From the trailhead by the swimming area, we followed the trail to the river sink (we biked part way, then had to walk). This is where the Santa Fe goes underground. An amazing 900 million gallons of water flow underground here each day! On the surface, nothing is moving and green stuff makes the water seem stagnant. There is an alligator warning sign. Gators can literally be anywhere but we didn’t see any.

We drove to the Limestone Trail and took a short walk up the left side of the trail to see the old quarry. It was a hole in the ground with some protruding rocks.


This place is a historical location of the old town of Leno – O’Leno is short for “Old Leno”. The campground / park has lots of information about the history with parts of the old grist mills (there were two) under a pavilion – photo below.

We missed out on visiting the little museum, but the town of Leno disappeared after the railroad was built and passed it by. The deserted town became a work camp during the Great Depression. The Civilian Conservation Corp built up the area in the 1930’s and 40’s into the campground and park it is today.

Remains of buildings and the dam can still be seen.

More Info

Here are some things I’d have liked to know before booking my stay.

Wood can be purchased for $7.00 – exact change! It says nothing about bringing in your own wood, so I’m not sure if that is allowed.

There are many trails throughout the area. Some are for walking and biking and some are walking only (also equestrian). A trail map is provided at check-in (like the one linked above). The map shows the location of the “sink” and “rise”. Eventually, I figured out what that meant!

See the park map here.

Bring bikes if you have them. The bike trails were too bumpy for me, but there are other places to ride. I rode along the main roadway and never saw a car! I’m sure there are busy times, but this was not one of them.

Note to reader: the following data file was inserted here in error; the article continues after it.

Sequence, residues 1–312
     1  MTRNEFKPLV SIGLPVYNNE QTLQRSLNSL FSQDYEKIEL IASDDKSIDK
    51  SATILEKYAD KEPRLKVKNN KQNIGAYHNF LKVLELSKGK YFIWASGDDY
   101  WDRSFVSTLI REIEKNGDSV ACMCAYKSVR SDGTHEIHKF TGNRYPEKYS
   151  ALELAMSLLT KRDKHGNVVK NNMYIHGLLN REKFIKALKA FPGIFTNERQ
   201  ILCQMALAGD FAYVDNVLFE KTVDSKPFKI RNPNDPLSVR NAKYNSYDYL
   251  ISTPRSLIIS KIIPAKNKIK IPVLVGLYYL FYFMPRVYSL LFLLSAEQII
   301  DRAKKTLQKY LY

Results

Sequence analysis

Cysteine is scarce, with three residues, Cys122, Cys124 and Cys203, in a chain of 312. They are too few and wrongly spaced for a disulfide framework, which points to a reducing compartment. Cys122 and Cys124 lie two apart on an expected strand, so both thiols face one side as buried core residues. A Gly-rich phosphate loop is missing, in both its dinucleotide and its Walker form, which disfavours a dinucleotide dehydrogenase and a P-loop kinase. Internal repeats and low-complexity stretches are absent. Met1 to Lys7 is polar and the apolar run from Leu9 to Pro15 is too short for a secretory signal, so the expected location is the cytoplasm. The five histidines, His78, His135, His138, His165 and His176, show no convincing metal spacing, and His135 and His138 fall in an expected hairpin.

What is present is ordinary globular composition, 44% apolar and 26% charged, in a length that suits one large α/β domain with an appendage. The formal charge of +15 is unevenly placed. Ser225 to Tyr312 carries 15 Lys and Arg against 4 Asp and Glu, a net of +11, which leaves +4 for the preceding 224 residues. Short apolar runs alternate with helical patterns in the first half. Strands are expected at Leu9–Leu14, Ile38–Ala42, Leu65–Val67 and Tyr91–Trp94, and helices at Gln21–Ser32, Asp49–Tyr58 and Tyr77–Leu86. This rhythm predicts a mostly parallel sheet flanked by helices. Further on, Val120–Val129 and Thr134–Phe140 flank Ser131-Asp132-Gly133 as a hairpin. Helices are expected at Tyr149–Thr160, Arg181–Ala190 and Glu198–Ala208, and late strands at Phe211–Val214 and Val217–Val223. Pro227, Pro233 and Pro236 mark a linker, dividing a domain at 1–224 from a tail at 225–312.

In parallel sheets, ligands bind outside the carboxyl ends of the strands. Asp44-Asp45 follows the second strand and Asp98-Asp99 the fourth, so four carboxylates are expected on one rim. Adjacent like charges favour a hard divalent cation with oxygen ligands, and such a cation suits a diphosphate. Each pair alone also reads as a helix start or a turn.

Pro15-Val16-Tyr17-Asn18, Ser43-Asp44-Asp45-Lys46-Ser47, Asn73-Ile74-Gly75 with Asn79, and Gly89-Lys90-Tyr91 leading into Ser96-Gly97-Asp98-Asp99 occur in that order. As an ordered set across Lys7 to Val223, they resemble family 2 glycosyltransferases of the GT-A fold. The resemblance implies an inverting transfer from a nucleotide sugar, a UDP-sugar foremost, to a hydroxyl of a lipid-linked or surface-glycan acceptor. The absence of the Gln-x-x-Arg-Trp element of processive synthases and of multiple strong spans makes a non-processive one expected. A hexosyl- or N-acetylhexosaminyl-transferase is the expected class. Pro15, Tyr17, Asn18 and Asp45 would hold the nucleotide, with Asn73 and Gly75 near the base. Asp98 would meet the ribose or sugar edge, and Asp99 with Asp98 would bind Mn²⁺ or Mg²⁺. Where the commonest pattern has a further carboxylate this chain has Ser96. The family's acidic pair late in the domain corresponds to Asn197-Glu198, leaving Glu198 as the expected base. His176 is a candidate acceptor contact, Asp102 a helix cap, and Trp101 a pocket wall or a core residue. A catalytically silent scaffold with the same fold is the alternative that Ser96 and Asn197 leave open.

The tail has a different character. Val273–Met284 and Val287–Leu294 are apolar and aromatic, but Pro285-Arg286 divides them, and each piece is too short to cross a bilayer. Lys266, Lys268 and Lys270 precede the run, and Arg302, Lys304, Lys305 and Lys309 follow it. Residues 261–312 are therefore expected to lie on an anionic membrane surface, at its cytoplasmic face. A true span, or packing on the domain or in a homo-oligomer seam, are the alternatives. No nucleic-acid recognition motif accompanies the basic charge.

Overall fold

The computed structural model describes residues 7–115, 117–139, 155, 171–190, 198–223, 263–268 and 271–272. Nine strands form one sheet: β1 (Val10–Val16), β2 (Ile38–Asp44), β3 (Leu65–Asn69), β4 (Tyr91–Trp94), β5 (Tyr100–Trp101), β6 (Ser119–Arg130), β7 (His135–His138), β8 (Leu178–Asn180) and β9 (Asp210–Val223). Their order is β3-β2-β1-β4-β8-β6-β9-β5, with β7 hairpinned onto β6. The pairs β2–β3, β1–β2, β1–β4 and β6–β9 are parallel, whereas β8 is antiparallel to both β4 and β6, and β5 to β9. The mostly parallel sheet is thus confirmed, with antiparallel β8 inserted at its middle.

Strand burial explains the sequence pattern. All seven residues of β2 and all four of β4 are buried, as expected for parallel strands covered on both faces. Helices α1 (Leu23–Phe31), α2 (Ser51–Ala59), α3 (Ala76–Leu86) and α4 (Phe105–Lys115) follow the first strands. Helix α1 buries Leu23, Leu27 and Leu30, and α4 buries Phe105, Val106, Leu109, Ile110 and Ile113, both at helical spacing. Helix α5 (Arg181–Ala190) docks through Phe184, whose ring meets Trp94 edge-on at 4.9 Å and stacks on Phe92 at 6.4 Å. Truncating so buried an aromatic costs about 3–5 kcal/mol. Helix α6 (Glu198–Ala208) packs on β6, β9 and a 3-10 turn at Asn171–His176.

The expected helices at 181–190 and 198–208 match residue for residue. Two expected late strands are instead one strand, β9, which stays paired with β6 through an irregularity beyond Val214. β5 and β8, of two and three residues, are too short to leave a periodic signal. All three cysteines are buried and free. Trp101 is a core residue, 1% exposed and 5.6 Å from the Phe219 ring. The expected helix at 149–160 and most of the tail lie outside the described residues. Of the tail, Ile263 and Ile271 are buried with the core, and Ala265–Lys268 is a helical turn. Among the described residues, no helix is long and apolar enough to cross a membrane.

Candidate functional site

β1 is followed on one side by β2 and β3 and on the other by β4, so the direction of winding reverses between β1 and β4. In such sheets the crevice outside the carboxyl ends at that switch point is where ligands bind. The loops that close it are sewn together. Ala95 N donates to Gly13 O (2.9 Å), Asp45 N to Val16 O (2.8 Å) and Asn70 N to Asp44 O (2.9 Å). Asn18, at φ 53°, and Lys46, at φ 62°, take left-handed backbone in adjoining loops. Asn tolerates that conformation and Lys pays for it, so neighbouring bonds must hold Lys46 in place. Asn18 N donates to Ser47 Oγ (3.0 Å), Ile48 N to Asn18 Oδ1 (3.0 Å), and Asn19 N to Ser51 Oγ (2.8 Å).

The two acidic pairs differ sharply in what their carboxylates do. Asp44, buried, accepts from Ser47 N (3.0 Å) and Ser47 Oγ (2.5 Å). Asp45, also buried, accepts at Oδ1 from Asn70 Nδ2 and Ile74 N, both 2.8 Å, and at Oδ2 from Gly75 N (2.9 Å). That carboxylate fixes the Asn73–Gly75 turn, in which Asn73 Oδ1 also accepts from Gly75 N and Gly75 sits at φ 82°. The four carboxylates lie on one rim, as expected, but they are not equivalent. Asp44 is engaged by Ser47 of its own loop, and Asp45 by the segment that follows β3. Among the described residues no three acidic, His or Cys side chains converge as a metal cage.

We took a drive to see the Dogwood Loop camping area and were glad we didn’t stay there. Those sites were on the inside of the loop, whereas campsites are on the outside at the Mag Loop. Some of the sites were pretty close and looked tough to maneuver because of trees. But, if you want to be away from everything (the playground, day visitors, and swimming) and you have a smallish camper or tent, Dogwood might be your thing.

The Mag Loop has a playground area and a bathroom in the center of the loop. Although we didn’t use the bathrooms, I went into the women’s side to get photos for campers who may need to use the facilities. The bathroom is located closer to the entrance / beginning of the loop, with the playground further toward the top of the loop.

Just for Fun… What’s For Dinner?

Camping food is kept simple. Grilled chicken with veggies in foil. With wine of course!

Have you ever camped at O’Leno? I’d love to hear your thoughts.

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First Camping Adventure at Salt Springs

First time camping in Florida and we went to Salt Springs in Ocala.

My son and I took delivery of our new travel trailer the beginning of June. A few days later I had Covid. And a week later he had Covid.

We’d just begun filling the camper with necessities (there are a lot) when we were taken out of commission by the illness.

New travel trailer
Picking up the camper

As you know, if you’ve already dealt with Covid, everything stops as you deal with the dreaded disease. I was so glad that I didn’t have a job to get to because I could not have gone. Most of the time I slept, or stayed on the couch. We ordered food to be delivered and never went out. We didn’t want to spread it, and we didn’t have the energy anyway.

After picking up the camper we had originally planned to camp nearby. We needed to see if there were things that needed to be fixed for the first check up visit.

Finally we went to Salt Springs in the Ocala National Forest and stayed one night.

The Campsite

This was our first time camping so we have nothing to compare it to. We were very happy with the site. It was easy to back in and there was an dump station next to each pad.

The fire pit ring was back behind the trailer under some oaks. As you can see in the photos, the next row of campers was not close.

We had campers on either side of us, but they were not super close either. One side had kids and the other side had a dog. But it was very quiet.

The Springs

The springs area is the highlight of this campground. Because it’s a spring and the water is continuously bubbling up from the ground, the water temperature is 72-74 degrees.

We camped for less than 24 hours, but our overall experience was quite good. The employees were friendly, the campground was quiet and well cared for, the Spring area was awesome, and we had fun!